Hypertext1         By Tauseef Ur Rahman
CONTENTS Definition. History. Non-Linearity Links,Browsing & Searching. Indexing. URLs. HTML Link Sources. HTML Li...
Hypertext   Text augmented with links     Link: pointer to another piece of text in same      or different document    ...
History Memex    – V Bush, 1945     Concept of linked documents; Xanadu    – Ted Nelson, late 1960s/early 1970s     In...
Non-linearity Hypertext   not usually read linearly (from  start to finish) Links encourage branching off History and b...
Links Simple   unidirectional links     Connect single point on one page with a      point on another page (e.g. WWW) E...
Browsing & Searching Browsing – retrieve information by association   Follow links, backtrack   Maintain history, bookm...
Web Indexes Manual   (Yahoo!, Open Directory Project, …)   Classify sites on basis of human    evaluation of their conte...
Automatic Indexing Must    extract keywords automatically from pages   Apply heuristics to identify meaningful words    ...
URLs Uniform  Resource Locators   Resource is something that can be accessed    by a higher level Internet protocol   O...
URL Syntax Protocol   :// domain name / path     This is a slight simplification, covering the      most common usage e...
URL Paths Complete  specification of the location of a file containing HTML     e.g. /Materials/index.html Implicit    ...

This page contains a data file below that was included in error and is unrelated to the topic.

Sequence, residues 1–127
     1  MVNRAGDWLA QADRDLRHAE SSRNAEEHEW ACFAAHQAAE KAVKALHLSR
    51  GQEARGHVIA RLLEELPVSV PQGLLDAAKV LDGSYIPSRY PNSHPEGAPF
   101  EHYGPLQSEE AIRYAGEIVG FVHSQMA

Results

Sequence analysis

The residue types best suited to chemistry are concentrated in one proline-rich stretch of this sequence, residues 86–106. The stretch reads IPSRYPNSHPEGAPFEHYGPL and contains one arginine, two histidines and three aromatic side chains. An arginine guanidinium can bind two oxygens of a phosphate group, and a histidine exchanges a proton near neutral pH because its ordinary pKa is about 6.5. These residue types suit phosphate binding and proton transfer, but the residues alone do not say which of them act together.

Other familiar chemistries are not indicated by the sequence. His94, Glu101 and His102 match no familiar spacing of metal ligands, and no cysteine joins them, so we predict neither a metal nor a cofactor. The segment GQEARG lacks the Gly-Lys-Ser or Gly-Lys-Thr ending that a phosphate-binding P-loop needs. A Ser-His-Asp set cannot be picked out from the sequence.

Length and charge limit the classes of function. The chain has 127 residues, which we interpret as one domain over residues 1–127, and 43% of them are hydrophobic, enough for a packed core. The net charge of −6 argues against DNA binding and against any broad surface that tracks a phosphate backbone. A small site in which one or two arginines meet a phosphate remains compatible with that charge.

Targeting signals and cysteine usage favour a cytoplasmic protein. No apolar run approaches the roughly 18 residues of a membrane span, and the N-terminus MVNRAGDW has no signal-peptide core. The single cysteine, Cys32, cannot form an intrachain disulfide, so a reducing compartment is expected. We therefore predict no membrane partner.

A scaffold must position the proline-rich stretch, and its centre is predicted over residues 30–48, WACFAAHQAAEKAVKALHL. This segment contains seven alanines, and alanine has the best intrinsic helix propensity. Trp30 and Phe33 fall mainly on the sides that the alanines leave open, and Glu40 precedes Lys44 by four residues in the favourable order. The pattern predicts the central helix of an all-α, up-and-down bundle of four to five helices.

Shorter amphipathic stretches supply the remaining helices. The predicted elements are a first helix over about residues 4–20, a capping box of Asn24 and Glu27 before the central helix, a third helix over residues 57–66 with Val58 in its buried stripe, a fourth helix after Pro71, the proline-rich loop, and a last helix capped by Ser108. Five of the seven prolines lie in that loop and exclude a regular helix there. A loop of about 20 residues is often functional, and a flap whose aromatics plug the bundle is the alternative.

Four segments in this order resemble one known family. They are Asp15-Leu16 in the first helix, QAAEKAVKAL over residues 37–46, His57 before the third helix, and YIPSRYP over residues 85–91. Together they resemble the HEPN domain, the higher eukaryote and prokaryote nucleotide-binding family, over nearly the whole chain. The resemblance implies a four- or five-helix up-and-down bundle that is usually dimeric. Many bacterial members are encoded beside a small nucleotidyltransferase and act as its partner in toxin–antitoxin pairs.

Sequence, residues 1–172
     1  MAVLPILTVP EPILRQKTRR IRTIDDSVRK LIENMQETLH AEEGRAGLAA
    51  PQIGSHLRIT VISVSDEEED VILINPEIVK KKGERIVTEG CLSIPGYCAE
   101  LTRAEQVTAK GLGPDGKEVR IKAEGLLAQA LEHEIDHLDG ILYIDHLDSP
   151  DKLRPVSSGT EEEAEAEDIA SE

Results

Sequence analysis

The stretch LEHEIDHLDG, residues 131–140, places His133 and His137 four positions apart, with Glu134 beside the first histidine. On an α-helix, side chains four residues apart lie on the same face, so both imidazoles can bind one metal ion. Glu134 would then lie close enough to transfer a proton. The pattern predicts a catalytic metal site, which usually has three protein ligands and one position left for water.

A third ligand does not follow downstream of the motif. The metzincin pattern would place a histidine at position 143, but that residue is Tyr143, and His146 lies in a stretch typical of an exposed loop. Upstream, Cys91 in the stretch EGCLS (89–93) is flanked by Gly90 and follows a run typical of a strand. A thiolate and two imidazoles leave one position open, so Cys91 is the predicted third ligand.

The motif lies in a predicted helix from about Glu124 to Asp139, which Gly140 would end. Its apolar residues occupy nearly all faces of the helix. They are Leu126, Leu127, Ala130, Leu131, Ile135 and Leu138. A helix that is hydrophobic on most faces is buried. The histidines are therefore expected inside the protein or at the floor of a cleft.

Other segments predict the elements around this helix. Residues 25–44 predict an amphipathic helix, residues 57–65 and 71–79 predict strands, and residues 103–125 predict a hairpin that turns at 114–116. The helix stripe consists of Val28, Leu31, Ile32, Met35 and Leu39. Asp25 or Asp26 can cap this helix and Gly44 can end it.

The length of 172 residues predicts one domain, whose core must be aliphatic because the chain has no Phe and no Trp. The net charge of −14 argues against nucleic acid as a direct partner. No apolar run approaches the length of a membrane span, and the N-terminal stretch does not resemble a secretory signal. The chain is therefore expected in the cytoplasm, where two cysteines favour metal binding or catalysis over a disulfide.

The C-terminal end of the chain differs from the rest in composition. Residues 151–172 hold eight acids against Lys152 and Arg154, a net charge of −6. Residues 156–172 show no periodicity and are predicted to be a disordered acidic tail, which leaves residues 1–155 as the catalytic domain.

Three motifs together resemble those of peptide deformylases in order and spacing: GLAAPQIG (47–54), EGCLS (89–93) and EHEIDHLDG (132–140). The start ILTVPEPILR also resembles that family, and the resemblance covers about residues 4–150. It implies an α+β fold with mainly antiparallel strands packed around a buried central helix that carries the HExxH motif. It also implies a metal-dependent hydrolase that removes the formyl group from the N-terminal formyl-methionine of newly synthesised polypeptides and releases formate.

Partial URLs URL   with some of the leading components  missing Missing components filled in from the base  URL of the d...
Fragment Identifiers Links  can point to a location within a page    URL identifies the entire page Append a fragment i...
HTML Link Sources InHTML, ‘a’ element is used as the source of links   href attribute has destination URL as its value  ...
HTML Link Destinations You   can also use ‘a’ element as the destination   name attributes value may be used as a    fra...
Formatting Links Use   CSS pseudo-classes   link: formatting for links   visited: formatting for visited links   hover...
HTML & Hypermedia hrefof an ‘a’ element might not point to an  HTML file Server response will include MIME type when  re...
Hypermedia Markup Ifnon-textual data is rendered within the  browser, can integrate images, video, etc within  Web page ...
Links and Images Animage may appear in the content of an ‘a’ element, to serve as a clickable link     e.g. thumbnail im...
Thank You For Listening                          21
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Hypertext presentation

  1. 1. Hypertext1 By Tauseef Ur Rahman
  2. 2. CONTENTS Definition. History. Non-Linearity Links,Browsing & Searching. Indexing. URLs. HTML Link Sources. HTML Link Destination. Hypertext Vs Hypermedia. 2